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Remember this?

http://www.msfn.org/board/topic/174208-windows-10-deeper-impressions/page-58#entry1117338

 

Something very strange happened (at least).

After that guy research Gordon Kelly reacted at Forbes

 

Windows 10 Worst Secret Spins Out Of Control

 

and Ed Bott

 

When it comes to Windows 10 privacy, don't trust amateur analysts

 

and back at Forbes

 

Microsoft Upgrades Windows 10 Powers Of Control

 

Contacting me again a Microsoft spokesperson explained the company now wanted to speak about the issue. In short: Microsoft is taking action. It has decided to release updates “later this year” which will enable users to fully control all background telemetry and data tracking and, if desired, disable it completely. Microsoft also asked me to stress that disabling these background operations is something it would “strongly recommend against”.

 

Summary: Guys posts are deleted and he disappeared from site.

Archived posts: https://archive.is/QFL8e and  https://archive.is/9rQi1

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And back to Zdnet

 

http://www.zdnet.com/article/microsoft-has-no-plans-to-change-windows-10-consumer-privacy-settings/

 

Microsoft has no plans to change Windows 10 consumer privacy settings

Another report from Forbes turns out to be incorrect. Sources with direct knowledge of Windows product plans confirm that there are no plans to change privacy options for Windows 10.

Edited by Agorima

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It starts to look every day more like an Ed Bott vs. Gordon Kelly war.

 

jaclaz

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"Turns out to be incorrect".  LOL

 

The guy being paid by Microsoft is telling the truth, while the guy being a journalist is lying for nefarious motives.

 

Right.

 

I have been watching since mid-2015 and have personally observed Windows 10 calling various motherships first hand (Microsoft has zillions of servers worldwide and also heavily uses CDNs).  I have the documentation to back it up. The notes I have been keeping about what internet addresses are contacted by what entities at what times by Windows (and what I have had to remove, reconfigure, or protect with ACLs to stop the comms) are over 1,000 lines long.  Let's just say they don't favor Bott's position that nothing's up.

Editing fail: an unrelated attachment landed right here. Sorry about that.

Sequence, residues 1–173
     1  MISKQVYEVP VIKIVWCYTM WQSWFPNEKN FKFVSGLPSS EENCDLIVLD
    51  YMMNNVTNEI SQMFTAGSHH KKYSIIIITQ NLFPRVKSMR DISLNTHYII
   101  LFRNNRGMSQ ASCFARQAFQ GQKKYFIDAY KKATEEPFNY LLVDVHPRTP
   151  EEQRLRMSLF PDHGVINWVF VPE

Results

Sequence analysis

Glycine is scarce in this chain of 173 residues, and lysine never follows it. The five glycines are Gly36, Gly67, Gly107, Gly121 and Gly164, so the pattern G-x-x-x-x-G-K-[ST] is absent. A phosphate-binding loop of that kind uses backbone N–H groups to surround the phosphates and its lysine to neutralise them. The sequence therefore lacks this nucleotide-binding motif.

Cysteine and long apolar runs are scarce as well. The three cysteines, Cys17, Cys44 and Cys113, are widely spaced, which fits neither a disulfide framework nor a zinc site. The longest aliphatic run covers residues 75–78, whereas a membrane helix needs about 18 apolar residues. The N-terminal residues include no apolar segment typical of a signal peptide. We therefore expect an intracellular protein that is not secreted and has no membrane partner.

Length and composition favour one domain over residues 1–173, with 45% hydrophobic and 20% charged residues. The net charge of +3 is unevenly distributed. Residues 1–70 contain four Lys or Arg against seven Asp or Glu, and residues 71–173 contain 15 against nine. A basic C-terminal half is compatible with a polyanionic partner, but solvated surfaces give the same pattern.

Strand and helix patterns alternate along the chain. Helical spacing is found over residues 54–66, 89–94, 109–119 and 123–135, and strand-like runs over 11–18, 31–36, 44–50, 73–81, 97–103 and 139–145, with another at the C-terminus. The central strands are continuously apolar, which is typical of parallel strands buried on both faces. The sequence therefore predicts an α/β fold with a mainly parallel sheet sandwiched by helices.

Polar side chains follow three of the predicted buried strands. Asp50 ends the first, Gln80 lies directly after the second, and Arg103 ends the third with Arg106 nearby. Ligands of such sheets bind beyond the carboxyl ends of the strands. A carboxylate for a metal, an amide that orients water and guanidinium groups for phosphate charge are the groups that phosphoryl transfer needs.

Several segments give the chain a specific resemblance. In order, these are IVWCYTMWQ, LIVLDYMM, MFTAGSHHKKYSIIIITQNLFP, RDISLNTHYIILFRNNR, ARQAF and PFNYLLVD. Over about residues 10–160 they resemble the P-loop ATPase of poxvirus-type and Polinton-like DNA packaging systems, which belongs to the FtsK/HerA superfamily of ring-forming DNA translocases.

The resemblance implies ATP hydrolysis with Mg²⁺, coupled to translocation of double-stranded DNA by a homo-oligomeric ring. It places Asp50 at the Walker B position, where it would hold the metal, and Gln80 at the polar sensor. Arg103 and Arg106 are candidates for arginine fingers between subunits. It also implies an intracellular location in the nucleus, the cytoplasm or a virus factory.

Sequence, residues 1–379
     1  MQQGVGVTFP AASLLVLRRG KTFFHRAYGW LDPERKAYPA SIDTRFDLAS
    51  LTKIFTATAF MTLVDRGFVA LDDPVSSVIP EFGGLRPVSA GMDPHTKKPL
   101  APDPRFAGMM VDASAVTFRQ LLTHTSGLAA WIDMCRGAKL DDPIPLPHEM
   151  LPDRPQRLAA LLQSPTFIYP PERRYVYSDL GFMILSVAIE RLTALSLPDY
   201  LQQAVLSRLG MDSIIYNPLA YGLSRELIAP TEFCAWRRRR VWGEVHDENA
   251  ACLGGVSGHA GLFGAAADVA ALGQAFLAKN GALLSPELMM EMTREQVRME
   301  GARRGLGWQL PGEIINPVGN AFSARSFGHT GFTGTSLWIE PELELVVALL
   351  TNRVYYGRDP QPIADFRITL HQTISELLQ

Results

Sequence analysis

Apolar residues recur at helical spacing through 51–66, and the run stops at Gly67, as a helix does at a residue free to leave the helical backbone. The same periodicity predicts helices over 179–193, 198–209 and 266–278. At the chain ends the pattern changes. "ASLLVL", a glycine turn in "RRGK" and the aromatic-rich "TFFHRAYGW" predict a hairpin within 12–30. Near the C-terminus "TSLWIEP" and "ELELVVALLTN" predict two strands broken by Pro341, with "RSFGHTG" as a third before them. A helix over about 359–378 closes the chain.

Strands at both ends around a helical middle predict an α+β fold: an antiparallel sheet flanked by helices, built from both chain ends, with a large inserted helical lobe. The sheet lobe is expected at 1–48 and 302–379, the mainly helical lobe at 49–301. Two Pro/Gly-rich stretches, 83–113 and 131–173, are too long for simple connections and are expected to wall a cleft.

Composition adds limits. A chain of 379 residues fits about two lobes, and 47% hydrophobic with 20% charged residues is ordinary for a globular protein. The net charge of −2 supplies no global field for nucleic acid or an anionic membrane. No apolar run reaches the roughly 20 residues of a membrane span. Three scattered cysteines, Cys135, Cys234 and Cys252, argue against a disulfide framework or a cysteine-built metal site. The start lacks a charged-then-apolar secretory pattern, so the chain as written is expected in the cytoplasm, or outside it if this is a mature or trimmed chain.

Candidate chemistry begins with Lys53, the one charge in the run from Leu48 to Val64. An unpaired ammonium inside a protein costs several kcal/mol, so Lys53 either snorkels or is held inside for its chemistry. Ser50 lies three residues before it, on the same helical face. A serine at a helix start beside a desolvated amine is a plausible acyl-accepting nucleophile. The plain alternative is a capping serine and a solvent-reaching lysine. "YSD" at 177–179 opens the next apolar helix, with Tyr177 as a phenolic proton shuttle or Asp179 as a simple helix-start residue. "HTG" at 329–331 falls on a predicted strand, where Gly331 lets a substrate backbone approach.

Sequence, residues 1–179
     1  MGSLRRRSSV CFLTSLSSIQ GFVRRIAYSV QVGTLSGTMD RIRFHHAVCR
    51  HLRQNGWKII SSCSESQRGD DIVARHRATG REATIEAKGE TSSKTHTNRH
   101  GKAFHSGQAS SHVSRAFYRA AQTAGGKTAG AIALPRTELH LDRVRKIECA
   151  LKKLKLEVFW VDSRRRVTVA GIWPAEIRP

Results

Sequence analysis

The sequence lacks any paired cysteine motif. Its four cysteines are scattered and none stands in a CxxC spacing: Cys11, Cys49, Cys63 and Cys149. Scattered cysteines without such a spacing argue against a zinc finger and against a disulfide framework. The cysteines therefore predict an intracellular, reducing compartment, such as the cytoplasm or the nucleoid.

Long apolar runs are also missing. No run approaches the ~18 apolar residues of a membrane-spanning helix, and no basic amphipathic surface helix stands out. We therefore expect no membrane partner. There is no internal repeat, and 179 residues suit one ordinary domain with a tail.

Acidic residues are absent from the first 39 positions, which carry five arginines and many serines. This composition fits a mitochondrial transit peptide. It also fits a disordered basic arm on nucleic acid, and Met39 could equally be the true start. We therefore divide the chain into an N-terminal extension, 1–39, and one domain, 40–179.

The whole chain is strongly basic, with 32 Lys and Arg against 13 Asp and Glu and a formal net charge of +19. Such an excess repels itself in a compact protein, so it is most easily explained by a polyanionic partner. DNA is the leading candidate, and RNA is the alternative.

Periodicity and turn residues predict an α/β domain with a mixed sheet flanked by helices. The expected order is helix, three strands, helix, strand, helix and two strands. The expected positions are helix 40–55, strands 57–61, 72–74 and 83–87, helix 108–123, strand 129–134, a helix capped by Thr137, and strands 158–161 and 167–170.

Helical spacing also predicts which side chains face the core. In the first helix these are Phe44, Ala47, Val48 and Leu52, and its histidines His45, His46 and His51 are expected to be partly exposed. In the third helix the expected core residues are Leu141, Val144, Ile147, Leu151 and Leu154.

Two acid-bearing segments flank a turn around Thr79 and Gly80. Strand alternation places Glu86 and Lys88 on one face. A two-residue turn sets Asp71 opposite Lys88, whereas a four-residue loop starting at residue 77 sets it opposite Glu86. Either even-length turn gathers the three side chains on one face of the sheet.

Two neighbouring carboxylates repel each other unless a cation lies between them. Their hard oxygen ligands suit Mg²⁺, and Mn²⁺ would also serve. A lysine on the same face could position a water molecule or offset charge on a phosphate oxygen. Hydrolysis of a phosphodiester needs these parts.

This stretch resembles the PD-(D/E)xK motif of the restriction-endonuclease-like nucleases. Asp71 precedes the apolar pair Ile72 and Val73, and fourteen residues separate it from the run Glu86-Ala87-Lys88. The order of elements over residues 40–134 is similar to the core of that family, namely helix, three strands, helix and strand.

Here is a very small excerpt...

 

Session notes:  9/1/2015, mostly quiet, some browsing, a few applications run

Communications that succeeded:

 

Comms  By              Address

 

3       svchost         23.13.224.238:443   https: to Akamai Technologies, Cambridge
2       svchost         23.13.224.50:443    https: to Akamai Technologies, Cambridge
4       svchost         23.36.88.190:443    https: to Akamai Technologies, Cambridge
2       svchost         65.55.138.111:443   https: to Microsoft Hosting, Redmond
2       svchost         157.55.133.204:443  https: to Microsoft Azure, Redmond
4       svchost         157.55.250.220:443  https: to Microsoft Azure, Redmond

2       svchost         23.14.84.57:80      http: to Akamai Technologies, Cambridge
4       svchost         93.184.215.200:80   http: to Edgecast Networks, Wichita

 

Communications that were blocked in the same time period:

 

1       dmclient        64.4.54.253:443     https: to Microsoft bingbot, Redmond
2       SIH client      157.55.133.204:443  https: to Microsoft Azure, Redmond
6       logtransport    192.150.19.174:443  https: to hl2rcv.adobe.com, Saratoga

2       taskhostw       23.4.37.163:80      http: to Akamai Technologies, Cambridge
2       taskhostw       23.4.43.27:80       http: to Akamai Technologies / NTT America, Cambridge
2       taskhostw       23.14.84.115:80     http: to Akamai Technologies, Cambridge
2       taskhostw       23.14.84.154:80     http: to Akamai Technologies, Cambridge
6       taskhostw       178.255.83.1:80     http: to ocsp.comodoca.com, London (need to add rule to allow)
5       taskhostw       178.255.83.2:80     http: to crl.comodoca.com, London (need to add rule to allow)
 

Note that 2 connections by SIH (Silent Install Helper) Client were blocked
157.55.250.220:443 (which is one of the addresses listed as successfully
contacted by svchost).  This may indicate a firewall configuration deficiency.

 

-Noel